Scientist, rancher, husband, father, “zaddik.” Born Dec. 14, 1930, in Montreal, died Oct. 30, 2012, in Richmond, B.C., of complications from Alzheimer’s disease, aged 81.
Dick never knew how to be anything but authentic. He didn’t take short-cuts, and he was the kind of guy who used his turn signals in a parking lot.
From his deep love for his wife and family to his practice of progressive Catholicism, he lived his life being the best he could be every day.
Dick grew up in Montreal with his summers spent on the shores of Lake Memphremagog. It was there, in the fields of southern Quebec, that he was introduced to farming, often lending a hand hauling the local milk cart.
In the latter years of high school, he took a summer ranch job in the Okanagan Valley. There, he met Elly. It was 1948: a boy, a girl, a country road, two bicycles and a box of Cracker Jack. By the end of that meeting they were an item, and they married five years later.
Professionally, Dick became an internationally recognized plant pathologist whose home base was Agriculture Canada’s Vancouver Research Station.
However, it was in the fields of the world’s developing nations that he made his mark, dedicating himself to strengthening the work of local scientists so they could improve their region’s harvests. Many farmers and their families owe their livelihood to the work of Dick and his colleagues.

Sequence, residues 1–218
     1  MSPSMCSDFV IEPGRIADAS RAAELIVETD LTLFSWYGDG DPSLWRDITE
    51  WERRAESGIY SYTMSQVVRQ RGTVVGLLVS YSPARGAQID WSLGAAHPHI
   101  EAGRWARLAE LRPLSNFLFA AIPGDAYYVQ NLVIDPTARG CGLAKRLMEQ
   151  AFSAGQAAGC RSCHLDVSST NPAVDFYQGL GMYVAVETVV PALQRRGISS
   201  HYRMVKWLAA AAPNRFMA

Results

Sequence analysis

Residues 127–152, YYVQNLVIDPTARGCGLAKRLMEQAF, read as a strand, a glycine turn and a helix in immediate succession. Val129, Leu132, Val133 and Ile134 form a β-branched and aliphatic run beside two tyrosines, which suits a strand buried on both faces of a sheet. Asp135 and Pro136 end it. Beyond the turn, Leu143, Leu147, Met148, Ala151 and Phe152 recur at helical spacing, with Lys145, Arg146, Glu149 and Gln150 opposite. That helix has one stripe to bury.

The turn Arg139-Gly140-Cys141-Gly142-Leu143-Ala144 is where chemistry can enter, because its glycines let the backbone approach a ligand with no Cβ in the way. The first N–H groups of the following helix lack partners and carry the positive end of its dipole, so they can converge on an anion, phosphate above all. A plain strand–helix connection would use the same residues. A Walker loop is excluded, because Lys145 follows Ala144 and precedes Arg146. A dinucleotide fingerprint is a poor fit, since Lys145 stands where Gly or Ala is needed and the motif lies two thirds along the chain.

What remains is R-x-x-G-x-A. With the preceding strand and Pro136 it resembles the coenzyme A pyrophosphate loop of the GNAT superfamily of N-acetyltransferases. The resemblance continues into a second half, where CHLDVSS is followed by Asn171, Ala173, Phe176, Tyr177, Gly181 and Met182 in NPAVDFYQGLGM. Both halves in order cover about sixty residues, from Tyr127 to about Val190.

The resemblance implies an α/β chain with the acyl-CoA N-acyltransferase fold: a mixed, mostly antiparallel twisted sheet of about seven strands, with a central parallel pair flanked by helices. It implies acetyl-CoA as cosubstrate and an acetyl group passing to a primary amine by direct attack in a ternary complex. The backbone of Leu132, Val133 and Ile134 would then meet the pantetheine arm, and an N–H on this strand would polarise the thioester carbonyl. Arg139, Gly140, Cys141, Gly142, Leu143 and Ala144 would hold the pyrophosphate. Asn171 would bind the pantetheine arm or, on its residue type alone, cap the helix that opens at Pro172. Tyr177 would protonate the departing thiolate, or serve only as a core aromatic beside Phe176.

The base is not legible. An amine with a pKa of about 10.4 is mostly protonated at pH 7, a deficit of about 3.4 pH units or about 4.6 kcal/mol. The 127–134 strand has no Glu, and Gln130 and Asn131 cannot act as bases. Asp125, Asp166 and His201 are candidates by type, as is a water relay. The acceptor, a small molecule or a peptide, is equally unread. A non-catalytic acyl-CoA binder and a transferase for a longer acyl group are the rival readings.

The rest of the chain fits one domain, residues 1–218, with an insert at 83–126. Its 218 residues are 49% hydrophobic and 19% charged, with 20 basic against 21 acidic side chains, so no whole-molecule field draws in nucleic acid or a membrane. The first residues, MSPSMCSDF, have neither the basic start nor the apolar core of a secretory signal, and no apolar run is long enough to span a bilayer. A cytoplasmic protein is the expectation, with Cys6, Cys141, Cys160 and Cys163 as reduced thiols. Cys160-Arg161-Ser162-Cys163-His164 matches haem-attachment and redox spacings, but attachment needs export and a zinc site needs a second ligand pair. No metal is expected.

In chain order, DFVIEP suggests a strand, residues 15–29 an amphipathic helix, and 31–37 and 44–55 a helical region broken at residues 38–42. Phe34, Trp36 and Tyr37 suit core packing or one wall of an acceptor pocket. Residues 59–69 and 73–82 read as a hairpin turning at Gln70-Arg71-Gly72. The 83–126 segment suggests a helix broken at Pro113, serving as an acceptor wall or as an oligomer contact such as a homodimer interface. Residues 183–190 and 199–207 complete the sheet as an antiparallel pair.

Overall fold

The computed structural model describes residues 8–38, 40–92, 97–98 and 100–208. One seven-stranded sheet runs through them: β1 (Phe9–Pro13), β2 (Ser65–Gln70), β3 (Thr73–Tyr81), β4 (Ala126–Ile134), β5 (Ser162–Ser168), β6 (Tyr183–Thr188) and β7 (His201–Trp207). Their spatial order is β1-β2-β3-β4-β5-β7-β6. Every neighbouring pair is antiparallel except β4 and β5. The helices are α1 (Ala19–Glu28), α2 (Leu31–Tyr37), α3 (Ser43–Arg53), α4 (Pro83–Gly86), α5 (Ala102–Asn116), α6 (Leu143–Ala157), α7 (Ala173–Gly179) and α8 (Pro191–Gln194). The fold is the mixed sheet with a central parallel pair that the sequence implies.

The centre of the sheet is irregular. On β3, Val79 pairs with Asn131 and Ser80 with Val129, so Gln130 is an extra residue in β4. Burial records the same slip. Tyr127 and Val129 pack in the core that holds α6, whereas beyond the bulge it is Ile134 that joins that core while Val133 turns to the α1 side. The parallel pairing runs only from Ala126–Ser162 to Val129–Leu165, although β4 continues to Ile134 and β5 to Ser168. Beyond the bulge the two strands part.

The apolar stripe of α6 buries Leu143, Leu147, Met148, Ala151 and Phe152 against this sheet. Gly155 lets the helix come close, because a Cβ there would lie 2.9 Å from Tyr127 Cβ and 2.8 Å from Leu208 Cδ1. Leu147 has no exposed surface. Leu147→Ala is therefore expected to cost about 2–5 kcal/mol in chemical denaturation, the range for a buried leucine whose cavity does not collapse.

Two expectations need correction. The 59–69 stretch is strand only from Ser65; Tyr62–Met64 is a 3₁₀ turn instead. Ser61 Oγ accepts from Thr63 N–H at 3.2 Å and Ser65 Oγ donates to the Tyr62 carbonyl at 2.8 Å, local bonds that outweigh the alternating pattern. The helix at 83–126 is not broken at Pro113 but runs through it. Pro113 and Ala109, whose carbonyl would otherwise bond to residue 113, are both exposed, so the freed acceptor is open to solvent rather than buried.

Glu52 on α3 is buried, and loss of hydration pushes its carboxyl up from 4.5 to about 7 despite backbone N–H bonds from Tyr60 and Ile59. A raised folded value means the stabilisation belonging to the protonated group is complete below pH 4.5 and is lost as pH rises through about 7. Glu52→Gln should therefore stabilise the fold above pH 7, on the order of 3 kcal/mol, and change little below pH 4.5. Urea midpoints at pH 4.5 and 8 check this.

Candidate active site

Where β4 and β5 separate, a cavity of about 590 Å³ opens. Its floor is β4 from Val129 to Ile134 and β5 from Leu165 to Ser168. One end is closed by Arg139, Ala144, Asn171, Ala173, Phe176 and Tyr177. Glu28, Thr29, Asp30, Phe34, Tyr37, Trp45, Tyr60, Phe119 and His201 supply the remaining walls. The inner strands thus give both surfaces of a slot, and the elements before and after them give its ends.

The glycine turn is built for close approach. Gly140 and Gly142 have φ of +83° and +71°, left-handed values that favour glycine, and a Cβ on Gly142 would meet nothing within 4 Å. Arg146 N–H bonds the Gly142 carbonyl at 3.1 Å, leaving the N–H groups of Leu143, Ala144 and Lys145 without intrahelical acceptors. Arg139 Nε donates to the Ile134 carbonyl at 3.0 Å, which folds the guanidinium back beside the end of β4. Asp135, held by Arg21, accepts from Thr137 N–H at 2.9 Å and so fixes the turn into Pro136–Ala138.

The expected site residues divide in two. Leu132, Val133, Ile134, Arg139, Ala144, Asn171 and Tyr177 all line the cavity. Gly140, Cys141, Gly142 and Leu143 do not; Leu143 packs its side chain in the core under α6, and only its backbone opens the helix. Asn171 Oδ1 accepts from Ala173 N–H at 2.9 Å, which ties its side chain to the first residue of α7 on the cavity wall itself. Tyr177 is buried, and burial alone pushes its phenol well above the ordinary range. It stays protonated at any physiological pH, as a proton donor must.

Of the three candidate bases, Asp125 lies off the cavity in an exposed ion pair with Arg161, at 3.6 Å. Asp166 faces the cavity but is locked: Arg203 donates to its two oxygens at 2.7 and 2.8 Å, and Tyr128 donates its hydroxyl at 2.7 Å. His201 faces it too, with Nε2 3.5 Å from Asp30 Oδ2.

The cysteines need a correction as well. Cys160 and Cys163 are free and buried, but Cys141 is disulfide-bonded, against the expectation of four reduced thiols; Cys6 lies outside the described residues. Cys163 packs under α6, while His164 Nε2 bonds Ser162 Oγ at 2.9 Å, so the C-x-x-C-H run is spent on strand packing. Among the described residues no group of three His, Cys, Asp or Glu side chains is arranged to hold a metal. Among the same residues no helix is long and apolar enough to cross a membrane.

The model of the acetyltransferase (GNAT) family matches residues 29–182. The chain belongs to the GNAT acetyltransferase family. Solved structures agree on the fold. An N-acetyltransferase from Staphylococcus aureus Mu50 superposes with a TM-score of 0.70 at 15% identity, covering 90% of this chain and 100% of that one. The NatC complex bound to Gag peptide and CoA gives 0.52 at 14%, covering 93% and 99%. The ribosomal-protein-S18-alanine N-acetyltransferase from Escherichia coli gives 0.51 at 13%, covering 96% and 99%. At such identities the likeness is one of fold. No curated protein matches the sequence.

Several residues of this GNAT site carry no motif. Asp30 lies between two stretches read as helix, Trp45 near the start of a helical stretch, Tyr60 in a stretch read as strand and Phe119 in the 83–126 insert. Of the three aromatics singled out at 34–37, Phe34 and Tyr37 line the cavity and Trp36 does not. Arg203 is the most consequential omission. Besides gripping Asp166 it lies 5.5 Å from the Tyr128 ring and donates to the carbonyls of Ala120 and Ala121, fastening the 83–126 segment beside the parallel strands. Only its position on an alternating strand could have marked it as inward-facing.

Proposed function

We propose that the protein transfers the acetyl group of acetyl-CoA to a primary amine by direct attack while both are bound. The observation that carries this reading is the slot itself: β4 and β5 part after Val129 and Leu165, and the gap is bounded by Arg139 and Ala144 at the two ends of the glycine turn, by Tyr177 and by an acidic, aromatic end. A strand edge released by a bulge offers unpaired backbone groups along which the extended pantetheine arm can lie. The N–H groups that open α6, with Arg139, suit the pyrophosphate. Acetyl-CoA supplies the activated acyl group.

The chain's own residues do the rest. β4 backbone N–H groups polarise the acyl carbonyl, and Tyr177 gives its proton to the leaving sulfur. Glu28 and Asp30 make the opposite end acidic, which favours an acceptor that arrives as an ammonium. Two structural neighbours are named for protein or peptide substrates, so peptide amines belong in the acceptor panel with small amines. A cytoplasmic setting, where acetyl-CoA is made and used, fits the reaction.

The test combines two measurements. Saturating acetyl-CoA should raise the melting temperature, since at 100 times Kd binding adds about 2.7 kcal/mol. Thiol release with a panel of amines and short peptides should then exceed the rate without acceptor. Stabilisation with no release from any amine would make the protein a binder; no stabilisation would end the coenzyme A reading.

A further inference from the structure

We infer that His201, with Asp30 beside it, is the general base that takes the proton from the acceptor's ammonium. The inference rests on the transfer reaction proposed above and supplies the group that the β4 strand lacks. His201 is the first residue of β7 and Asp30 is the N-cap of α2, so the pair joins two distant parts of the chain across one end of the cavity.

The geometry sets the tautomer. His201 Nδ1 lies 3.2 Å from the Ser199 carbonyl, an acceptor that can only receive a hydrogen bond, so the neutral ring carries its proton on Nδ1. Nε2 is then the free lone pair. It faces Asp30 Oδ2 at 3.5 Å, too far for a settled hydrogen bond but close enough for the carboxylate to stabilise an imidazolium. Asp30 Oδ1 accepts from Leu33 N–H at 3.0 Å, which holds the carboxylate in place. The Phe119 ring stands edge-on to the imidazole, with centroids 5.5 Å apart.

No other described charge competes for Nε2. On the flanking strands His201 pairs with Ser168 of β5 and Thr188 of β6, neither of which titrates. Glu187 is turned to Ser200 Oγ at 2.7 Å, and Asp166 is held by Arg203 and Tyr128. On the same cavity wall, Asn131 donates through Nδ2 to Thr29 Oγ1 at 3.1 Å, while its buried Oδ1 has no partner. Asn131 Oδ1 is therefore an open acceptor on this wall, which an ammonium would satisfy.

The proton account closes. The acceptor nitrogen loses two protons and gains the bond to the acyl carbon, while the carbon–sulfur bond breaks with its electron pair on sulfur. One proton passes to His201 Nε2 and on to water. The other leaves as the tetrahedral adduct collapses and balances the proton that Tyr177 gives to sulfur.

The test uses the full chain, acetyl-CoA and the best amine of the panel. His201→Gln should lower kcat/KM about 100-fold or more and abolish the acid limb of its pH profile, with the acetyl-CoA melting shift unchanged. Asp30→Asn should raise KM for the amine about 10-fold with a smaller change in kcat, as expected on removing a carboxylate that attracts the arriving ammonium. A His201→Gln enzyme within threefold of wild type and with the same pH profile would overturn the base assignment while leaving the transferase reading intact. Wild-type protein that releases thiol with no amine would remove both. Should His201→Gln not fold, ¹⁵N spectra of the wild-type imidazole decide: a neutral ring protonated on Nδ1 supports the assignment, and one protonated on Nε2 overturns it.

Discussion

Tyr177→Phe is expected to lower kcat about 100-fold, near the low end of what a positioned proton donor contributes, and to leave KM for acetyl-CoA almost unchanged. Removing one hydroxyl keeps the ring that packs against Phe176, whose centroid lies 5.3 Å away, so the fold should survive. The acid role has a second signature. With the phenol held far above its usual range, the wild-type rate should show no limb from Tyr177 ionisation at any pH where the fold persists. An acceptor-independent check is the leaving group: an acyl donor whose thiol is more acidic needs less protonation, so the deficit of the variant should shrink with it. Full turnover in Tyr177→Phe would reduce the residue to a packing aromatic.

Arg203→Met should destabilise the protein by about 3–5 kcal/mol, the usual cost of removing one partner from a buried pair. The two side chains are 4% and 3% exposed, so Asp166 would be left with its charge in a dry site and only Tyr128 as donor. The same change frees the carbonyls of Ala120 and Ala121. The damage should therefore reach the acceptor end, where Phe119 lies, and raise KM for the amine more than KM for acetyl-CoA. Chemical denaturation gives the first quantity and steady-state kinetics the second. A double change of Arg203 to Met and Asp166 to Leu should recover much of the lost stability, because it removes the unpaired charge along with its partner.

He was a scientist’s scientist. Professional accolades were bountiful, but Dick avoided the spotlight. Once, in the 1980s, he was chairman of a global meeting of plant pathologists in Montreal, a role that earned him the rights to a deeply discounted suite in the finest downtown hotel. He preferred, instead, to stay in the McGill University dormitories so he could more closely associate with his colleagues.
Dick was perpetually curious. During family road trips, he would often pull the car over and wander through fields in search of an elusive plant virus. Family dinners were regularly interrupted when he would leave the table and fetch an encyclopedia to better inform our conversations.
His love for the outdoors took him and his family on summer camping trips throughout the Pacific Northwest, replete with campfires, s’mores and little notes stuck inside tree trunks for his kids to find the following year.
He left the mud from wilderness trips on the station wagon until the Vancouver rain washed it away.
Dick was generous with time and spirit. He campaigned door-to-door for local charities and was often sought out for personal guidance. He was welcomed into homes and lives because he cared.
In a eulogy, one of Dick’s scientific colleagues described him using the Hebrew word “zaddik” – a term that denotes a rare, sometimes legendary, individual who cares greatly for those who are deprived. A zaddik will travel to faraway places to seek out needy human beings and help them solve their problems.
Dick’s care for the needy showed through his work and his life. He would be quietly honoured to have been called a zaddik.
Jim Hamilton is Dick’s son.